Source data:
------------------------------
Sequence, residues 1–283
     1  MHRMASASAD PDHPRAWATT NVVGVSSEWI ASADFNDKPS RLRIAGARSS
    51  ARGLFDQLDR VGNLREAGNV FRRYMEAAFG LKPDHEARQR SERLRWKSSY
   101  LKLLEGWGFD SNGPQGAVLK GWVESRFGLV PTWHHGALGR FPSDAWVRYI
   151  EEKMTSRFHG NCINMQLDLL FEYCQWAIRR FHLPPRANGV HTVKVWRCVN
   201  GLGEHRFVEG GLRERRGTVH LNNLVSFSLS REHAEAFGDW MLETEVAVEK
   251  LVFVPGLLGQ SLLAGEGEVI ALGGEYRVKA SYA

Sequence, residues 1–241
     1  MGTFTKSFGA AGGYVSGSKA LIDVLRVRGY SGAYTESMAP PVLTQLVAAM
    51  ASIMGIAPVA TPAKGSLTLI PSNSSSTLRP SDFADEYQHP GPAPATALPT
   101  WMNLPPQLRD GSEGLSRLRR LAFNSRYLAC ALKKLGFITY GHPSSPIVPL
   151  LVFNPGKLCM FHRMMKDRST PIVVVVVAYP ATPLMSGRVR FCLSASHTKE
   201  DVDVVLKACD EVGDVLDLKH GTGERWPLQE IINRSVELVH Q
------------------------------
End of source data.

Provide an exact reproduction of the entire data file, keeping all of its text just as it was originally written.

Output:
Sequence, residues 1–283
     1  MHRMASASAD PDHPRAWATT NVVGVSSEWI ASADFNDKPS RLRIAGARSS
    51  ARGLFDQLDR VGNLREAGNV FRRYMEAAFG LKPDHEARQR SERLRWKSSY
   101  LKLLEGWGFD SNGPQGAVLK GWVESRFGLV PTWHHGALGR FPSDAWVRYI
   151  EEKMTSRFHG NCINMQLDLL FEYCQWAIRR FHLPPRANGV HTVKVWRCVN
   201  GLGEHRFVEG GLRERRGTVH LNNLVSFSLS REHAEAFGDW MLETEVAVEK
   251  LVFVPGLLGQ SLLAGEGEVI ALGGEYRVKA SYA

Sequence, residues 1–241
     1  MGTFTKSFGA AGGYVSGSKA LIDVLRVRGY SGAYTESMAP PVLTQLVAAM
    51  ASIMGIAPVA TPAKGSLTLI PSNSSSTLRP SDFADEYQHP GPAPATALPT
   101  WMNLPPQLRD GSEGLSRLRR LAFNSRYLAC ALKKLGFITY GHPSSPIVPL
   151  LVFNPGKLCM FHRMMKDRST PIVVVVVAYP ATPLMSGRVR FCLSASHTKE
   201  DVDVVLKACD EVGDVLDLKH GTGERWPLQE IINRSVELVH Q